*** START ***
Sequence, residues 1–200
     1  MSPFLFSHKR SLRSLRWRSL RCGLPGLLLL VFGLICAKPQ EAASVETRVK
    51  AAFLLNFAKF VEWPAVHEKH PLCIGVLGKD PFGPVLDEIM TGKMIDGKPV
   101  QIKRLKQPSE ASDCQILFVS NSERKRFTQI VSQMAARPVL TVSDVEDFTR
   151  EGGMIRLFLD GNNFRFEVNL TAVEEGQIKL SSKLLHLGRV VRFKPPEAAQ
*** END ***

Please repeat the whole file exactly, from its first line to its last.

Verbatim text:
Sequence, residues 1–200
     1  MSPFLFSHKR SLRSLRWRSL RCGLPGLLLL VFGLICAKPQ EAASVETRVK
    51  AAFLLNFAKF VEWPAVHEKH PLCIGVLGKD PFGPVLDEIM TGKMIDGKPV
   101  QIKRLKQPSE ASDCQILFVS NSERKRFTQI VSQMAARPVL TVSDVEDFTR
   151  EGGMIRLFLD GNNFRFEVNL TAVEEGQIKL SSKLLHLGRV VRFKPPEAAQ